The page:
Asbestos tiles can pose a major health risk in homes that were built before 1980. Any damage to the tiles can release asbestos fibers into the air where they can be inhaled and cause serious illness. However, removing those asbestos floor tiles can be even more dangerous. The Consumer Product Safety Commission and the Environmental Protection Agency recommend covering asbestos floor tiles rather than removing them. One way to safely cover an old asbestos tile floor is with self-adhesive floor tiles.
Measure the length and width of the room. Multiply the length by the width to find the area of the room in square footage. Example: If the room is 8 feet wide and 10 feet long, multiply 8 by 10. The room has an area of 80 square feet.
Add any irregular sized areas of your room to your calculations as shown in Figure 1. This will give you total amount of square feet that your floor tiles need to cover.
Check tile cartons to find square footage of tiles per carton. Divide total square footage calculated in the last step by the square feet of tiles in each carton to find out how many cartons of floor tiles you need to cover the floor area. Add 10% for waste and for future replacements. Example: Each carton cover 15 square feet of floor. Your total square footage needed is 159 square feet. Add 10% to 159 to get the total amount of floor tiles needed. In this case, you need 175 square feet of tiles. Divide 175 by 15, the number of square feet that each carton covers, for a total of 11.66, so you'll need 12 cartons of floor tiles to cover the floor and have tiles left over for future repairs and replacements.
Clean the floor with a de-greasing cleaner to prepare the floors to accept the adhesive on the new tiles.
Remove all trim from around the edges of the floor, working carefully if you intend to reuse the existing trim.
Examine the floor for any damage, loose tiles or uneven areas. If there are none, proceed to the next section. If there are uneven areas or minor damage, go to Step 4. If the damage is more significant, go to Section 3.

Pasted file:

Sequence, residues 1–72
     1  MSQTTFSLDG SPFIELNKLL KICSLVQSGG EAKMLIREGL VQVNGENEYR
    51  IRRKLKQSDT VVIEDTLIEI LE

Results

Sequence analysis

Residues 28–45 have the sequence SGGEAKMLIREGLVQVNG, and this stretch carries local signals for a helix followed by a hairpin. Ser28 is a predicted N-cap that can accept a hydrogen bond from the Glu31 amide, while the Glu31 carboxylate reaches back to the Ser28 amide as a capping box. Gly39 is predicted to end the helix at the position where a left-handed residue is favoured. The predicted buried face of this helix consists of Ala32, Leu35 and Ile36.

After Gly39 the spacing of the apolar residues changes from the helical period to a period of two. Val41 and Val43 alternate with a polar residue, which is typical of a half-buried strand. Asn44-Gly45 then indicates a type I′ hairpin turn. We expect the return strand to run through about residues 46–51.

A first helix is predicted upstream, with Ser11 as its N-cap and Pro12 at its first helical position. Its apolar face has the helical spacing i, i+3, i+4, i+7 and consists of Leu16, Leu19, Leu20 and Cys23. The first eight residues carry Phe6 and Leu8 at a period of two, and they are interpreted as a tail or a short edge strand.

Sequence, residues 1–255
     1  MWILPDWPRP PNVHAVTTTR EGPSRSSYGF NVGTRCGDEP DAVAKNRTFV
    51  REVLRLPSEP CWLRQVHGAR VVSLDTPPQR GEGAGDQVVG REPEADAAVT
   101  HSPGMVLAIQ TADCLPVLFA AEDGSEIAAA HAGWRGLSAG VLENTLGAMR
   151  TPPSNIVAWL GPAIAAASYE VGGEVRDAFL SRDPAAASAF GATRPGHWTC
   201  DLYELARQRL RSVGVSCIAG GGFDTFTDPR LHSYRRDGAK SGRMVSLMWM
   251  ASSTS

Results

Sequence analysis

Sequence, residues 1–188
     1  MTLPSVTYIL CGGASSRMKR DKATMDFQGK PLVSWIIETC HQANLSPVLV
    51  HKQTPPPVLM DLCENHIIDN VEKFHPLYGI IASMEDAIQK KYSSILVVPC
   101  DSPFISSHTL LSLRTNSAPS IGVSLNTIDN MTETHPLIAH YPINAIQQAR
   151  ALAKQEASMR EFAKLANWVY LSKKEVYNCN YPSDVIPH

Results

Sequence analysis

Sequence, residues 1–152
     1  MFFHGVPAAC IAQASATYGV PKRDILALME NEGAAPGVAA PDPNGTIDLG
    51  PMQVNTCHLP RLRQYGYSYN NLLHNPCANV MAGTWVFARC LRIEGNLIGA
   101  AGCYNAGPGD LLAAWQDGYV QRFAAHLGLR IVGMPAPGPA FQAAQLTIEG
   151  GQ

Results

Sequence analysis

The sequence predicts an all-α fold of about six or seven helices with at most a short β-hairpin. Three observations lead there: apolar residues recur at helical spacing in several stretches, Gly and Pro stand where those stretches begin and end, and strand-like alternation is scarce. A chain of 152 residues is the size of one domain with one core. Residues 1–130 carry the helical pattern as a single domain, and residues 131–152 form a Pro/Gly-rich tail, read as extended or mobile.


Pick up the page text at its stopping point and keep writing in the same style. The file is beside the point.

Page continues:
Apply a thin layer of embossing leveler with a straight-edge trowel. Allow leveler to cure and dry completely before continuing.
Nail down any loose tiles with 6d nails. Use a nail set to set nail heads below the surface of the floor.
Fill nail holes and any cracks with filler. Smooth even with floor surface.
Lay plywood panels over prepared tile floor. Fasten in place using the fasteners and fastening pattern recommended by the plywood manufacturer and new tile manufacturer. Leave 1/32" gap between panels, and stagger the seams to avoid creating a "line" under the new floor.
Apply a thin coat of floor leveler over plywood seams. Allow to dry and sand smooth. Clean up any dust with tack cloth.
Find the center of two opposite walls in the room by measuring.
Chalk a string and stretch it from one point to the other across the floor. Give the string a sharp snap to mark the floor with a chalk line.
Repeat the two steps above to lay out a second line perpendicular to the first. The two lines will cross at the center of the room.
Beginning at the center point of your line, lay a row of tiles in each direction to the wall. Do not peel off the adhesive or stick the tiles in place. These rows are test rows to work out your layout. Ideally, you want to keep the number of tiles you'll have to cut to a minimum and to make sure that the tiles set against the wall are at least half the tile's width.
Adjust your tile layout as needed to minimize tile waste. Re-chalk the center line to your new adjustment if necessary.
Start laying the tiles at the center of the floor and work outward, stopping when there is no room for a whole tile.
Every few feet, bond the tiles securely to the floor beneath by rolling over the new tiles with a heavy rolling pin.
Lay a piece of plywood on the new tiles if you must kneel on them to place more tiles.
Cut the tiles for the last rows one at a time and lay them in place.
Use a cardboard template and a craft knife to cut irregularly shaped pieces of tile around moldings or pipes.
Replace floor trim and/or moldings around the walls.
Admire your new floor from a distance until you can walk on it safely. The manufacturer's directions will tell you how long you have to wait.